Rather than following through on a pledge to work closely with China, the Trump administration has attempted to obstruct consensus within the Group of Seven and the Group of 20, suspended funds for the World Health Organization, and delayed international cooperation that could both contain and ultimately defeat COVID-19. Despite this hostility, scientists in both the U.S. and China are managing to work together, which I will take as a positive sign for the future.
In a more genteel time, the fight against the COVID-19 pandemic would not be seen as an opportunity to prove American exceptionalism or refute aspects of ideological systems. However, we are not in a genteel time within U.S. politics. Rather than seeing the pandemic as a moment for coordinating resources and ideas between China and the U.S., we are instead witnessing heightened Sinophobic rhetoric on behalf of Trump's reelection bid.
Trump's political advisers have created a narrative that it's all China's fault. By deflecting blame and criticism away from the U.S. and its slow response to the pandemic, this narrative has encouraged Trump and his supporters to take a much more aggressive approach toward China because they believe it will help them politically.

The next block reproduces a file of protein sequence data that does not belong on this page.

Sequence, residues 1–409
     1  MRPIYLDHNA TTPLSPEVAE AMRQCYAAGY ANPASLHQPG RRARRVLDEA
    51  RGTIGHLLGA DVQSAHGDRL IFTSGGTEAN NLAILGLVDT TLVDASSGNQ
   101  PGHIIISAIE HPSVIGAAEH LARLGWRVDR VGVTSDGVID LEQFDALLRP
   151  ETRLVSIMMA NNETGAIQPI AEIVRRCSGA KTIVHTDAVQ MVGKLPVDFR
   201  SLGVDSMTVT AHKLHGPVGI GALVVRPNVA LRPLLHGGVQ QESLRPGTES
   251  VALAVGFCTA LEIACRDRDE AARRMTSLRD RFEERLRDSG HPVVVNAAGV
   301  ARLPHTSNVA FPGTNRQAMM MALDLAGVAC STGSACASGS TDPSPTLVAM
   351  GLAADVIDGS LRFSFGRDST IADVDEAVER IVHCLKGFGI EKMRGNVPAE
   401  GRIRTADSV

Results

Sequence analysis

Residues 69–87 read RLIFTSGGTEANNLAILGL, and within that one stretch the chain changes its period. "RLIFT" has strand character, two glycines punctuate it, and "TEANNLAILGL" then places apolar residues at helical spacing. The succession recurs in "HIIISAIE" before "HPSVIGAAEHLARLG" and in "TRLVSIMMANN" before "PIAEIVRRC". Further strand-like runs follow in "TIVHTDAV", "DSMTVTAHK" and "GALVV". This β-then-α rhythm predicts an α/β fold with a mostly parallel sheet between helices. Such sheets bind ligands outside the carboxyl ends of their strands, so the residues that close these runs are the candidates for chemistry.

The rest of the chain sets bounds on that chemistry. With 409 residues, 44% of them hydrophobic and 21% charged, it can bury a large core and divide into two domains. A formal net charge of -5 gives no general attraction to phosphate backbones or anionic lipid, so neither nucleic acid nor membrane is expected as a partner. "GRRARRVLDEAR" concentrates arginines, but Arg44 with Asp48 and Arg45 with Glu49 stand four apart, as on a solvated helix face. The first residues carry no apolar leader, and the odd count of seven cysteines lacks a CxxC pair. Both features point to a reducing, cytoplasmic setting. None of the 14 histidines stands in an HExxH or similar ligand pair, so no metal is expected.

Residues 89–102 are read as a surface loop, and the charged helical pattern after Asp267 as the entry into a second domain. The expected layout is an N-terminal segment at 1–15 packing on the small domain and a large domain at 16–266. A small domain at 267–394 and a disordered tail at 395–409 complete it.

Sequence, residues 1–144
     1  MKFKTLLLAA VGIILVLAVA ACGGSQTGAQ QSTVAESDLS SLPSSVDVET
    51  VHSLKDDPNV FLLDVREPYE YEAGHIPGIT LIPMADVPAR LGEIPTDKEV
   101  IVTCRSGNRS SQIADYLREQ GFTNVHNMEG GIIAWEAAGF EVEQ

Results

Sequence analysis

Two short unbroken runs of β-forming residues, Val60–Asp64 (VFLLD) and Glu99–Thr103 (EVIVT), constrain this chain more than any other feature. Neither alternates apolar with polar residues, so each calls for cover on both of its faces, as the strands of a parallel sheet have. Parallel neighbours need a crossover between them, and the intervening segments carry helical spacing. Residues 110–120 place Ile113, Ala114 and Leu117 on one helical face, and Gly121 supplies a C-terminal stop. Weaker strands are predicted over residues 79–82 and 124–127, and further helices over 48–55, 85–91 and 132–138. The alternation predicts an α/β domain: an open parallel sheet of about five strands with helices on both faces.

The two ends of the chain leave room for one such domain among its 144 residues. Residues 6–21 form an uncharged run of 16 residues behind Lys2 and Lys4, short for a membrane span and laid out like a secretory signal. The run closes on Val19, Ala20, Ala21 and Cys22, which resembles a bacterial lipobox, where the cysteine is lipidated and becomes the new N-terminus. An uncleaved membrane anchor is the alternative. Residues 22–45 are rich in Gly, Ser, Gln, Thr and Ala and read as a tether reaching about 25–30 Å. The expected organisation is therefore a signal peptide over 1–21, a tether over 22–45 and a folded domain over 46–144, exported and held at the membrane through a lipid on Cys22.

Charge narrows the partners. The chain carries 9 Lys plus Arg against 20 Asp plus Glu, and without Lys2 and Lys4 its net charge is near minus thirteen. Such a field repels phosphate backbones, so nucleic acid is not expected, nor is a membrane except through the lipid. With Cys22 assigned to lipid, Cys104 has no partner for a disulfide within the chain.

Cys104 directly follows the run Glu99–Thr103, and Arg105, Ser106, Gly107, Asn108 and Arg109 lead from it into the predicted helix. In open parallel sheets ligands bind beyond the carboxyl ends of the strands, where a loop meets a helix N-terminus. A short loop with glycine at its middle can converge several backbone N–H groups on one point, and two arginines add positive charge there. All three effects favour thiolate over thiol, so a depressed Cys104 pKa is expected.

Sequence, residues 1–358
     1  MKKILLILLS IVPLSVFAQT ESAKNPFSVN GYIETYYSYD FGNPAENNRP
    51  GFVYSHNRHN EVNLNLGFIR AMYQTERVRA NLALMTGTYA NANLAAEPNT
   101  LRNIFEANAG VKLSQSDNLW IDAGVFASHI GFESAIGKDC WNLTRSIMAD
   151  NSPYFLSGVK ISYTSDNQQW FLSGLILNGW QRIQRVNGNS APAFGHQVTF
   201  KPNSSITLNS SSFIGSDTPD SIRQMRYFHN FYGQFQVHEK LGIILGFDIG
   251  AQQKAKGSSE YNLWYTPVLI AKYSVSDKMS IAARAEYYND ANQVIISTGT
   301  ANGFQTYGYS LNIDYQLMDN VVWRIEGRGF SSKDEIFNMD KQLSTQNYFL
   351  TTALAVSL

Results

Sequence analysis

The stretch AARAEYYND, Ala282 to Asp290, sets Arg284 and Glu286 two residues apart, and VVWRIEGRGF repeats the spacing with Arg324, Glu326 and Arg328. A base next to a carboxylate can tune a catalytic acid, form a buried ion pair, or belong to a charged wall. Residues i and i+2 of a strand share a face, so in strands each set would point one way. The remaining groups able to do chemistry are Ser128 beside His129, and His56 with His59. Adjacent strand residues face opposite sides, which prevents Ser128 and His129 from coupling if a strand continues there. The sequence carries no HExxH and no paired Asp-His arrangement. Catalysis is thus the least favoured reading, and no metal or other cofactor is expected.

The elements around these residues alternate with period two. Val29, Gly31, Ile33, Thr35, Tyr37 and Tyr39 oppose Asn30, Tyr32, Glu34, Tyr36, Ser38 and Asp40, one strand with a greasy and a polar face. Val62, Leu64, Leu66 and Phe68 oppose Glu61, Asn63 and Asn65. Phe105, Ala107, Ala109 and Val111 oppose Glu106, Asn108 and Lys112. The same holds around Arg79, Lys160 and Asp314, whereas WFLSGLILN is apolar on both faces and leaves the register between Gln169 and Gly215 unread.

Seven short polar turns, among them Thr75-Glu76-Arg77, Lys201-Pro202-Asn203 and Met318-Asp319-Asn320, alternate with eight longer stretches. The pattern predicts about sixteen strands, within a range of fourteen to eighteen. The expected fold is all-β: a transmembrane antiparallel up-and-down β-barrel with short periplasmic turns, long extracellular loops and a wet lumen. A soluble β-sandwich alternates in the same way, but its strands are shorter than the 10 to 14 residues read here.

Disappointingly, some recent opinion polls bear this out. A recent Republican National Committee poll showed that 51 percent of voters in 17 swing states including Ohio, Michigan, Pennsylvania and Wisconsin blamed China the most for the COVID-19 outbreak, while only 24 percent blamed Trump. Trump's reelection message thus becomes clear: Blame China because it's responsible for creating the COVID-19 pandemic, stealing millions of U.S. jobs and damaging the U.S. economy. It is an existential threat to the U.S.
Stores in Broadway Street, New York City, the U.S., remain closed on May 8 (XINHUA)
The China card
Presenting a "strong" leadership vis-à-vis China has political benefits during a presidential election year. Trump and presumptive Democrat nominee Joe Biden are conveniently blaming each other over China in the name of partisan politics. Outdoing each other on China is bad for China-U.S. relations, can and has stoked anti-Chinese racism, and is mistakenly taking a Cold War-like path.
Following Trump's lead, campaign consultants for the Republicans in the Senate recently circulated a 57-page memo that instructed their candidates to attack China and to attack the Democrats for being "soft" on China. The memo bluntly stated that "China caused this pandemic by covering it up, lying, and hoarding the world's supply of medical equipment."